Saturday, April 02, 2016

Review: Born to Be Blue

I was looking forward to March 25th because two films on my watch list were going to open. The obvious was 'Superman v Batman'. The less obvious was the Chet Baker film 'Born to be Blue'. Well the latter was opening nowhere in the Bay Area, so I went to see the former. Enjoyed it. May see it again even. Well this weekend the Ethan Hawke/Chet Baker film opened in the South Bay and decided to give it a look. I must say I was somewhat uneasy going to see it. After all there is so much negativity around Chet in books that I was afraid of what might be highlighted in this film.

Well, the film is a HIGHLY fictionalized account of Baker's life. It uses the device of Chet being cast in a film playing himself, juxtaposed with flashbacks to his earlier mega-popular years. In an interesting touch his teeth are highlighted. At the age of 12 or 13 Baker lost one of his front teeth in an accident playing with friends. He played with that missing tooth. Later, as shown in the film, he suffered a major beating which not only knocked out his other front teeth(top), but according to Artt Frank, gave him permanent  nerve damage. He was told he would never play again. So in the current time of the film, he is shown wearing dentures.So you can chart his timeline in the film by the way his teeth are shown.

A major part of the film is Baker's comeback from the beating, relearning how to play, and getting another gig(he had a famous one in his very early years) at Birdland in New York City. Apparently Hawke learned to play the trumpet for the film. Anyone who has played the trumpet realized the horn is a cruel taskmaster, and when learning you are going to struggle and make horrible sounds. So this part of the film has some realism to it. For an excellent eyewitness account of Baker's real comeback, ie relearning to play the horn, check out Artt Frank's excellent 'Chet Baker:The Missing Years'

Of course a major part of the film is Baker's drug problem. Hawke's sense of Baker is around these lines. He comes across as high......somewhat passive......very self absorbed......a leaf at the mercy of the wind. Contrast that with the real Baker. He was multi lingual. By his own account during his time in Jail in Italy he learned Italian and came out a fluent speaker. There is an interview on youtube where Baker gives an interview exclusively in Italian. And there is the fact that Baker was a natural musical genius. He could hear any song and play it in any of the 12 keys. If he heard it twice he could solo to it. Very little of this side of Chet if any is brought out in Hawke's portrayal of him.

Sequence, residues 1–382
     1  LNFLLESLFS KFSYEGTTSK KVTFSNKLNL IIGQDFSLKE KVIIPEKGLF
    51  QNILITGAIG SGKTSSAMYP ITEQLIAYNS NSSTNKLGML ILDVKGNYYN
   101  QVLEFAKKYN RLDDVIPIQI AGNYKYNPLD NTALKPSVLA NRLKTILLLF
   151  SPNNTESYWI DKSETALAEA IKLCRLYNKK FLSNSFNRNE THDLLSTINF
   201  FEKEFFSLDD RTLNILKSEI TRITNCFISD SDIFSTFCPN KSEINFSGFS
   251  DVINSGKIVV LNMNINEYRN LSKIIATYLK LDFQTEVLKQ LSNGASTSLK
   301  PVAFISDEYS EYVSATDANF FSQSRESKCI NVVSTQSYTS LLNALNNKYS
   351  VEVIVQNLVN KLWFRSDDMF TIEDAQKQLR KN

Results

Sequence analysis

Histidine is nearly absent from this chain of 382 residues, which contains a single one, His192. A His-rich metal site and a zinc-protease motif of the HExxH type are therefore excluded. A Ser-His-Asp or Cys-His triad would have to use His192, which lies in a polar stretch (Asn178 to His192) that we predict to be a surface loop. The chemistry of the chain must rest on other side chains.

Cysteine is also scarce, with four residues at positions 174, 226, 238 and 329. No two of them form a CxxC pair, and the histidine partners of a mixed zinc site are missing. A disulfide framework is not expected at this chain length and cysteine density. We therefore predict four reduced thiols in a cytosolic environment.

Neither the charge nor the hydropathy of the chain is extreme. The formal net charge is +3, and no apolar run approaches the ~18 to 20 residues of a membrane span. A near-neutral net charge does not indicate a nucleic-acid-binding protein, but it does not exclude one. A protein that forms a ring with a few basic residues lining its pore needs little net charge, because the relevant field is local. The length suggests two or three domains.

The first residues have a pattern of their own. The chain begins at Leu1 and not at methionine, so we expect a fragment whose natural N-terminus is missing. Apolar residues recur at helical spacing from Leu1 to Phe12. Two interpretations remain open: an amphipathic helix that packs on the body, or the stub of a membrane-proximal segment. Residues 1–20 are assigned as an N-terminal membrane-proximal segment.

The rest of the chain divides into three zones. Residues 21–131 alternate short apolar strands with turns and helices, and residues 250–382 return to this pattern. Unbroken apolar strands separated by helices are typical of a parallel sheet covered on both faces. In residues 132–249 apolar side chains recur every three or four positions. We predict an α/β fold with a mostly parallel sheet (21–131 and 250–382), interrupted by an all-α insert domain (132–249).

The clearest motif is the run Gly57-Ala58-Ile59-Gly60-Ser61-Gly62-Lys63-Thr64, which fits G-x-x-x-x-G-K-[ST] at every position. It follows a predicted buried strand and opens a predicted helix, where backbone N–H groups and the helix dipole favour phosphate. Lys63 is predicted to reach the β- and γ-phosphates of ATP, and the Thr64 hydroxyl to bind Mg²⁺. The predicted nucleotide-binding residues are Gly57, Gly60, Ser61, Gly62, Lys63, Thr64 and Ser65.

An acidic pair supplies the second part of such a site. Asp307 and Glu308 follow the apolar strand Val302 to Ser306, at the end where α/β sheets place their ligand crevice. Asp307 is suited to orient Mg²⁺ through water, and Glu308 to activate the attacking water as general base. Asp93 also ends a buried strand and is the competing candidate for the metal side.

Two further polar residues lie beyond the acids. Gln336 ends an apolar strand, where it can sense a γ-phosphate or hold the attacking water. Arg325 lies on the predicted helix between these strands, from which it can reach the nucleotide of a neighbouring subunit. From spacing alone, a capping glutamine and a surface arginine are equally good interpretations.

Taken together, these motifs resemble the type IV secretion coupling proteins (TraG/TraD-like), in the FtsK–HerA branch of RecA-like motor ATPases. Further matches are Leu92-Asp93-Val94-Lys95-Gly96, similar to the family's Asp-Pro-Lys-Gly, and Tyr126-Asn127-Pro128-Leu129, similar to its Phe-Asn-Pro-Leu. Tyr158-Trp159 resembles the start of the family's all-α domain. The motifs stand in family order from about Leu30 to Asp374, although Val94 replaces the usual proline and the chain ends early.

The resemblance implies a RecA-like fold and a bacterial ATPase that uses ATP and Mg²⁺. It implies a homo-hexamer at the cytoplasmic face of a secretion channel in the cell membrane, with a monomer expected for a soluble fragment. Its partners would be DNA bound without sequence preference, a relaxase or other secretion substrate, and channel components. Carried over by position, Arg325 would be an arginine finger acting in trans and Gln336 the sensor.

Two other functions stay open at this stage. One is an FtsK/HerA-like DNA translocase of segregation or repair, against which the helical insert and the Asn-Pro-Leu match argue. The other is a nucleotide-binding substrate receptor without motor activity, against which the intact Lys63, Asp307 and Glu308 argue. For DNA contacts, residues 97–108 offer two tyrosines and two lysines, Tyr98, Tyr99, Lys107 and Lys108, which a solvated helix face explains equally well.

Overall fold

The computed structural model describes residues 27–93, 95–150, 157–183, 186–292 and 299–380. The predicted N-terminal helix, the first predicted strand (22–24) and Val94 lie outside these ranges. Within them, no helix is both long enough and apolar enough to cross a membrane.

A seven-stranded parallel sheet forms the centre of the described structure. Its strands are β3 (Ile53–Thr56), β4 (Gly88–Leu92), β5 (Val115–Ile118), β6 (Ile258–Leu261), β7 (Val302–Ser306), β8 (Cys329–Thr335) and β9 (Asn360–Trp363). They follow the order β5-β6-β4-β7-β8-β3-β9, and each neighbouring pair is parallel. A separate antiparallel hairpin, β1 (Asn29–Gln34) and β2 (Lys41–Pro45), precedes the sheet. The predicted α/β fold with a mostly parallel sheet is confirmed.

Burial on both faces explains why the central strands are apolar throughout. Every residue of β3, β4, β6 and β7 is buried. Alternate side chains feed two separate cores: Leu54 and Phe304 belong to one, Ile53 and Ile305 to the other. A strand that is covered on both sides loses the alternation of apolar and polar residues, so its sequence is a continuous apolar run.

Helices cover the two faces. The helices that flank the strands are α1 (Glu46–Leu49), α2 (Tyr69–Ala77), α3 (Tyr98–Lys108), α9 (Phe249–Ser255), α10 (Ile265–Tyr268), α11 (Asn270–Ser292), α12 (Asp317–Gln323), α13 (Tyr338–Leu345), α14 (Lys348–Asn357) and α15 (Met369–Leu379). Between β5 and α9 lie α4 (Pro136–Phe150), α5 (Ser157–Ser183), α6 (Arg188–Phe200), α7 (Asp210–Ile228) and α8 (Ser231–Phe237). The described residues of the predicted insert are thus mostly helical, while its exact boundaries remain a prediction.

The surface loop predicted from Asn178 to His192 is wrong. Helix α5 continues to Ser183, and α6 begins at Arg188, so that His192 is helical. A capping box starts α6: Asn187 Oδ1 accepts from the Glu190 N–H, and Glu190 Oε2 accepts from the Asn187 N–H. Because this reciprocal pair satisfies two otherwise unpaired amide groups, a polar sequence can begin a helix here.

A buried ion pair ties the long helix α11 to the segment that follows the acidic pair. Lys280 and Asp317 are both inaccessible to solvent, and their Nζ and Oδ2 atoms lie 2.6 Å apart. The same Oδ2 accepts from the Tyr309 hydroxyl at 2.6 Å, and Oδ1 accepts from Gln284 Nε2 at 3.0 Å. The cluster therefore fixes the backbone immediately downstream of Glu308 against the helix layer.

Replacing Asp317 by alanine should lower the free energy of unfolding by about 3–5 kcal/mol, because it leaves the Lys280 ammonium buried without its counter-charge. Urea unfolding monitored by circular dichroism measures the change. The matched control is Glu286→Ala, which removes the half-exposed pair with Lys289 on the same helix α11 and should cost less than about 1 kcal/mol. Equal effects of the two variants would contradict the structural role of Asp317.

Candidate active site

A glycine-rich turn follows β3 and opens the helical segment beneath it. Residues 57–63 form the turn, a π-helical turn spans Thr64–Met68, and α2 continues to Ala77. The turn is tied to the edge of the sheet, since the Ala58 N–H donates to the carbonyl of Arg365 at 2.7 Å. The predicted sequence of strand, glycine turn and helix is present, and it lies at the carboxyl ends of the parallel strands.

For me the most interesting part of the film was the apparent wound he had from male figures that he gave power to. The portrayal of Chet's father is chilling. Nothing his son can do is good enough to please him. And the Miles Davis character in the film tells Chet his playing is candy.....and to come back when he's lived some. Baker was very inluenced by Davis's 'Birth of the Cool'. In fact in his autobiography
"As Though I Had Wings' he states that twenty years later he still listened to that album. In an interview when asked what he listened to when he was not playing, one of Chet's answers was 'Miles old stuff'.

The music in the film is a disappointment. Hawke sings several Baker songs well, but it is obvious he is copying Chet. The trumpet solos are skillfully done but none of it is Chet's own horn. So I guess this is where I some it all up. If you want to do something different and want to go see a jazz movie, I think this will keep your attention. But if you want to know or to hang out with Chet Baker, check out HIS music. There is no substitute.